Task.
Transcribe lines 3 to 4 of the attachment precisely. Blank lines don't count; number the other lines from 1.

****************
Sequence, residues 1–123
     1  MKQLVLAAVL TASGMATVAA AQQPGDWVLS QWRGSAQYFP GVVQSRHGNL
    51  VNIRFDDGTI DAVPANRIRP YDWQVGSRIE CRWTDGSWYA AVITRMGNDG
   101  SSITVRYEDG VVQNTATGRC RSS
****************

    51  VNIRFDDGTI DAVPANRIRP YDWQVGSRIE CRWTDGSWYA AVITRMGNDG
   101  SSITVRYEDG VVQNTATGRC RSS